Judah and Tamar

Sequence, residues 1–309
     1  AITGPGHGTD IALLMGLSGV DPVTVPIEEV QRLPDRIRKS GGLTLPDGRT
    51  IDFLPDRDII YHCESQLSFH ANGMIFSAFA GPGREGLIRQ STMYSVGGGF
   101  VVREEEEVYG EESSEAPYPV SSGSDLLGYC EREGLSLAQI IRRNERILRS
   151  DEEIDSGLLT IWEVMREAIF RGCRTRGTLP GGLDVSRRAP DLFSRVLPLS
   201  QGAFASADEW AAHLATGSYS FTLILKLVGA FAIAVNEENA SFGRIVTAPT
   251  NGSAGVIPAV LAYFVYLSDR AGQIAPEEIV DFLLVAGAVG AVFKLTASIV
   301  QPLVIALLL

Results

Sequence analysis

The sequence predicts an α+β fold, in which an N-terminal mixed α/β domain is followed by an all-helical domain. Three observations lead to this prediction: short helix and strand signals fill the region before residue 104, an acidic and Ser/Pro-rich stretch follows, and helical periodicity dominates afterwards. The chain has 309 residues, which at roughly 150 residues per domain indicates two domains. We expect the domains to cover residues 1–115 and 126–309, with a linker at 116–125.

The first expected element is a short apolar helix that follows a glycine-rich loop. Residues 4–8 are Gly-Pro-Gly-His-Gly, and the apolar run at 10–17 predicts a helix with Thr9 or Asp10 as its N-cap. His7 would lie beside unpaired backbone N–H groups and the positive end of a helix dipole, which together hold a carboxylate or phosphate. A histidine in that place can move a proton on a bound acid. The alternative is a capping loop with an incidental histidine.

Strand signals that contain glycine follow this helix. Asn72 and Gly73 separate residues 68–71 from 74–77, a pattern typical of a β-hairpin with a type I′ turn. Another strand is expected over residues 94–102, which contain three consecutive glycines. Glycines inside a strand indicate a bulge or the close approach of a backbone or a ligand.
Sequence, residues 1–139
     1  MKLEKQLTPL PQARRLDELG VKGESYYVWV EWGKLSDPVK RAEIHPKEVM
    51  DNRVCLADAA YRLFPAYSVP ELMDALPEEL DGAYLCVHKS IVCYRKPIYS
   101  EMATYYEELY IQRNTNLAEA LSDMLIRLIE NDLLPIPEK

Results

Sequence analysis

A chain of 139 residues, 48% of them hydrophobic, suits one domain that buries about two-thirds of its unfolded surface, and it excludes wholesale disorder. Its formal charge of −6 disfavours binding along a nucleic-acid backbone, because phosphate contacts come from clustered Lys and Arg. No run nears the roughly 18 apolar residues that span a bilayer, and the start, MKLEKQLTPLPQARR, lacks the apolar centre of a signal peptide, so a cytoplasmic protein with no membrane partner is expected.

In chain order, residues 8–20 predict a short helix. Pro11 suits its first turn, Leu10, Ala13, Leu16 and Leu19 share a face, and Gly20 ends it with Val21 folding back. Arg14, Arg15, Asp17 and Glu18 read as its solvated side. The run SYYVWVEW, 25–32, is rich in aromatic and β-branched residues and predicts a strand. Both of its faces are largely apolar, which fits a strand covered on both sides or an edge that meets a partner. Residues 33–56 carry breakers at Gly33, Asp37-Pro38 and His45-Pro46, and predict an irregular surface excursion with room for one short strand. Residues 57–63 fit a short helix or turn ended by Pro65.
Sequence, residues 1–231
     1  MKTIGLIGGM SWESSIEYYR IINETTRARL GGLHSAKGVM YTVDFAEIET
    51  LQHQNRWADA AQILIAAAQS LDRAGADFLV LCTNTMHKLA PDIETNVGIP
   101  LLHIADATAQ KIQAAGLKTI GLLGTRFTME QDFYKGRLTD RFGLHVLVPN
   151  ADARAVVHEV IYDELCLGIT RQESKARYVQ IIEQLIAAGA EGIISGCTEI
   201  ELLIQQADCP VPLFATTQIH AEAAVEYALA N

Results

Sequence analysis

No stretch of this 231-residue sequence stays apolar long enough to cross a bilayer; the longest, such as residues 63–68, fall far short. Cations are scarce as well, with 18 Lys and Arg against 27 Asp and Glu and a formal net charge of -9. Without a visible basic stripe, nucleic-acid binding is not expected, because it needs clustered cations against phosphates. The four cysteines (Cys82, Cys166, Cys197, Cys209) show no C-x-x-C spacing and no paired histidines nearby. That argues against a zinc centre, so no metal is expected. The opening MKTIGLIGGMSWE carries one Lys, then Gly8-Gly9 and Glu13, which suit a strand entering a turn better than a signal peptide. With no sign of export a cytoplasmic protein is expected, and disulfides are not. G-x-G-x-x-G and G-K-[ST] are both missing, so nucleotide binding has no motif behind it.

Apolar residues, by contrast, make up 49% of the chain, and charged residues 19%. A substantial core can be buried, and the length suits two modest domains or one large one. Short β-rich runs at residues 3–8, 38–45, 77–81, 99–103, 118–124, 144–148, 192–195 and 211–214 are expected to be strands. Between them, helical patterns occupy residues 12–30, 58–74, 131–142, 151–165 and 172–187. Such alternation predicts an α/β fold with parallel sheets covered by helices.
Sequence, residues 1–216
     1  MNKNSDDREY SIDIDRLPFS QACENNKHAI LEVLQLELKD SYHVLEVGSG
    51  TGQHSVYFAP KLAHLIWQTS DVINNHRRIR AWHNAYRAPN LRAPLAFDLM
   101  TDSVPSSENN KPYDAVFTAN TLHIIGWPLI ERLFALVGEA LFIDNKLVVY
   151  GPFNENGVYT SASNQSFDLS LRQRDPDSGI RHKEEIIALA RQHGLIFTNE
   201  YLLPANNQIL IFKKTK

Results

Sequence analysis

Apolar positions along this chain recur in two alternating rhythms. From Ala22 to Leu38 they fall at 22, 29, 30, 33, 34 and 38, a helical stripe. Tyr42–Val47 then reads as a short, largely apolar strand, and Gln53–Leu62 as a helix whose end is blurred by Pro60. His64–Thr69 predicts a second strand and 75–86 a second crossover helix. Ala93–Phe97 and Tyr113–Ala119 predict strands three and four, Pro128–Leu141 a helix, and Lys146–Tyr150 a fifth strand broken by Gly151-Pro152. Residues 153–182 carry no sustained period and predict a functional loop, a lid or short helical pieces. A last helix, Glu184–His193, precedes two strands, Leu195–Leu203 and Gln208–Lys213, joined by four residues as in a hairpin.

Genesis 38 tells the story of how Judah, one the twelve sons of Jacob, is deceived by his daughter-in law Tamar. Throughout the text, many themes are present including deceit, prostitution, anxiety, importance of law, and honor. This essay will analyze how the characters, their actions, and Judah’s pronouncement in Genesis 38:26 demonstrate these themes. The story begins with Judah marrying a Canaanite woman Shua. Judah and Shua had three sons, Er, Onan, and Shelah, respectively. Judah took Tamar to be a wife for his first son, Er (Gen 38:6). Er dies after he marries Tamar because he is wicked. This probably meant that Er had committed wrongdoing and was evil otherwise God would have let Er live. After Er’s death Judah commanded Onan to take care of Tamar and giver her children. Onan did not want to have children with Tamar because he knew the children would not be his so he would spill his semen on the ground (Gen 38:8-9). God did not like this form of birth control so he killed Onan. After losing two sons Judah became very anxious, he did not want to command Shelah to take Tamar because he feared Shelah’s death. Judah asks Tamar to return home to her father until Shelah was of age because his fear was so great. After some time, Tamar receives word that Judah is coming to Timnah, which is a village close to her home. She decides to take off her widow garments, put on a veil (Gen 38:14), and go to the road that leads to Timnah. As Judah was traveling this road he came across what he thought was a prostitute but it was actually Tamar. Judah promises Tamar a goat but she insisted a pledge, his signet, cord, and staff (Gen 38:18). These were symbols of power. Judah and Tamar conceive. Tamar has become deceitful and Judah has been deceived but he does not know this until he tries to deliver the goat to the “prostitute.” Three months later Judah discovers that Tamar was a “whore” and has become impregnated as a result (Gen 38:24). He brings Tamar in...
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